The Nailor High School was initially known as the Cleveland Consolidated School for African American students. It was designed by architect E. L. Malvaney and approved as WPA No. 50,022 in the fall of 1940. The monolithic concrete building contained two wings of classrooms connected by an auditorium seating 400, with a proposed cost of $63,000. WPA approved $25,394 toward the cost of the new school. “Nailor’s poured concrete construction and Art Moderne style is almost unique for black schools of the same period and would have made it one of the finest African American school buildings of its time” (Baughn, 2010, p. 2). The auditorium was damaged by fire in 1950 and during repair, additional classrooms were added to the WPA-constructed building. It served as the Cleveland school for African American students from its opening until the 1960s when a new high school was construction and it became the Elementary school for African American students. It was demolished in 2011.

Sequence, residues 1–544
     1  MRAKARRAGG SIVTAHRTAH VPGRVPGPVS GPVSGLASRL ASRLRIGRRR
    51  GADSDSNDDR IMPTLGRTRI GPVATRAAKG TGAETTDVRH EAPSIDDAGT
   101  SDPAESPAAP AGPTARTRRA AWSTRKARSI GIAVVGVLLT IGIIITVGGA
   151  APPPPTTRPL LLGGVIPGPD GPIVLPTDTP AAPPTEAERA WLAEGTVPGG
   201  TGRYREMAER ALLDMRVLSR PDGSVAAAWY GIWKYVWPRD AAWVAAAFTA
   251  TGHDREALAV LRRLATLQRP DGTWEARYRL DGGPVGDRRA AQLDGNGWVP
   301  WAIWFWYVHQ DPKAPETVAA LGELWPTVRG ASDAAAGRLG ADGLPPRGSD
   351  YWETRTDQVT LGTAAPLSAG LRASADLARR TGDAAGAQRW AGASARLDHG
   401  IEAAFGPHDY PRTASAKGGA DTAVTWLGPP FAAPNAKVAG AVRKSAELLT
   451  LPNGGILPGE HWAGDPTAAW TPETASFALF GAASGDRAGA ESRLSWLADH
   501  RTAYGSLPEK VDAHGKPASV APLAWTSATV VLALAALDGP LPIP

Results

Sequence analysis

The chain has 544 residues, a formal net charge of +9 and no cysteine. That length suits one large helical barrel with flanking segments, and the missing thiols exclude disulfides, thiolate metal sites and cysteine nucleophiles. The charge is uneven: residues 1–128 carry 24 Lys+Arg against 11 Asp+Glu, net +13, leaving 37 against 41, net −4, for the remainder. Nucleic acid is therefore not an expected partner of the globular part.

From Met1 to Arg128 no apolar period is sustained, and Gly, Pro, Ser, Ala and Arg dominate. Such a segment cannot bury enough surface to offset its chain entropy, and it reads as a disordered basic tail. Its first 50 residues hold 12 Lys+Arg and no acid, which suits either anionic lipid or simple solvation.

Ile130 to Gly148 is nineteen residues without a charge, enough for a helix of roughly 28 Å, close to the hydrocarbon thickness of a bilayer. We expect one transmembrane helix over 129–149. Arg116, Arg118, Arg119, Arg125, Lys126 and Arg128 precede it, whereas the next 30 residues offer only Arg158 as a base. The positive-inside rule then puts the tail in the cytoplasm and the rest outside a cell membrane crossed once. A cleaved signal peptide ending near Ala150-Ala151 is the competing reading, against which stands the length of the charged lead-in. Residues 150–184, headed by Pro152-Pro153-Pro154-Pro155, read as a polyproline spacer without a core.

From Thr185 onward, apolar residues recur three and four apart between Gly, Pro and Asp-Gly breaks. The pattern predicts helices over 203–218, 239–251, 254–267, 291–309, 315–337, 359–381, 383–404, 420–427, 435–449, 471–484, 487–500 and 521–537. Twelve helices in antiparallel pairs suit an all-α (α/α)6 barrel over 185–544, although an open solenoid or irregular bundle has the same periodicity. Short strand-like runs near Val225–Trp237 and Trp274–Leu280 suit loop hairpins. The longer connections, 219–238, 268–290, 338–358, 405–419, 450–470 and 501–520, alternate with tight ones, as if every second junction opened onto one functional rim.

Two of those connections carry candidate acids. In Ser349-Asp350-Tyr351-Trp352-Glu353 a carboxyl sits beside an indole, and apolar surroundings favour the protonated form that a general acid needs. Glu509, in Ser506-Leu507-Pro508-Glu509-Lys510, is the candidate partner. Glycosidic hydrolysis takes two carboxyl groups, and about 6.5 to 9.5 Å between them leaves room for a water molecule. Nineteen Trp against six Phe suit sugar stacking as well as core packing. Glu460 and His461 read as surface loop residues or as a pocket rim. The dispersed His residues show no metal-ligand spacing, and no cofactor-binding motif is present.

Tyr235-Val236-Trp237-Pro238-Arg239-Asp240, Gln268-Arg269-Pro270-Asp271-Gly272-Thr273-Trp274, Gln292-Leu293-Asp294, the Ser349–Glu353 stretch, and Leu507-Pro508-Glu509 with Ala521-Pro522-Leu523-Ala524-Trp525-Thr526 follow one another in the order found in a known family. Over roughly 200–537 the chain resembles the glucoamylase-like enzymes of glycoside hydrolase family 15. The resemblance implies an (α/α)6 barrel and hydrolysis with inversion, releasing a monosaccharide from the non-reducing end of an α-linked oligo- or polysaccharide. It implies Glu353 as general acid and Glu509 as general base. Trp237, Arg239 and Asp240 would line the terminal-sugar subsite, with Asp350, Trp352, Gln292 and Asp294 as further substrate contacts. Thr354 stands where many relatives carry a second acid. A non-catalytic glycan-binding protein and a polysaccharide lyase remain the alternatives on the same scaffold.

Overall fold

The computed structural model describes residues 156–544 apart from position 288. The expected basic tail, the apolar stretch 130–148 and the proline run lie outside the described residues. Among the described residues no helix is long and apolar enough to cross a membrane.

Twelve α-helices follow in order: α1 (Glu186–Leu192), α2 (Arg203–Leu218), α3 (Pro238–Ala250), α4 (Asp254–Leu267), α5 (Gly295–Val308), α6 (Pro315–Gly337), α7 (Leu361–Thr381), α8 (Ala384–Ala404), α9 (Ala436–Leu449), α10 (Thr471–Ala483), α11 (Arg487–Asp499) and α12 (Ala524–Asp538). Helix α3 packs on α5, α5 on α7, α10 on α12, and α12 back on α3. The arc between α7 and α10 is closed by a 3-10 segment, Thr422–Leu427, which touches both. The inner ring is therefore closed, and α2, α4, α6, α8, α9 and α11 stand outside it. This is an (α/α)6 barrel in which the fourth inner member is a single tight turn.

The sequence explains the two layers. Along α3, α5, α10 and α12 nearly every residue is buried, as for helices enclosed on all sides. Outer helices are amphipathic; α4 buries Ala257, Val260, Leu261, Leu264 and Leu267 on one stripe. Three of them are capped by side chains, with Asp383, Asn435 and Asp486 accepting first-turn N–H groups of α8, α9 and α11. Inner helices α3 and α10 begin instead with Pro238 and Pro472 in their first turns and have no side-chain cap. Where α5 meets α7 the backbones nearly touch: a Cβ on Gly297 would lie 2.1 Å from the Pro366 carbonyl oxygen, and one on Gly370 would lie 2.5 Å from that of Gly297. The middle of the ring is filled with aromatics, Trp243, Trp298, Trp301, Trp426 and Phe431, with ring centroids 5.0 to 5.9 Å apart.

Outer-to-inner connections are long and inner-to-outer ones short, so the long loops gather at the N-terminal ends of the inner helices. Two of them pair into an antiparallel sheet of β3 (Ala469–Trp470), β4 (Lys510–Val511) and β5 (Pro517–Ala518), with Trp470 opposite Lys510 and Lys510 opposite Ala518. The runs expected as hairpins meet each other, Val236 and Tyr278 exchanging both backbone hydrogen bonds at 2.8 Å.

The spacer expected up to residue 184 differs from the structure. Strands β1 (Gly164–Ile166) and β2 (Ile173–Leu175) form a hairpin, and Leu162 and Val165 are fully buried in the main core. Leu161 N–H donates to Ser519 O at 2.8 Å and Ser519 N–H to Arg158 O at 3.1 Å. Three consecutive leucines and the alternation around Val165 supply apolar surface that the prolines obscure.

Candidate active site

Mississippi Department of Archives and History. Historic Resources Inventory, Cleveland. Retrieved August 19, 2020 from:
Baughn, J. (June 9, 2010). Nailor Elementary School: Mississippi Landmark Significance Report. Mississippi Department of Archives and History, Historic Resources Inventory.
Projects Involve $138,000 in Two Upstate Cities. (May 5, 1940). Clarion-Ledger, p. 14.
WPA Allotments Total $41,709. (Sep 21, 1940). Clarion-Ledger, p. 1.
$90,000 Fire. (Jan 9, 1950) Hattiesburg American, p. 14.
Plans Underway to Repair Cleveland Negro School Now. (Feb 16, 1950). The Delta Democrat-Times, p. 12.
Project originally submitted by Susan Allen on August 23, 2020.
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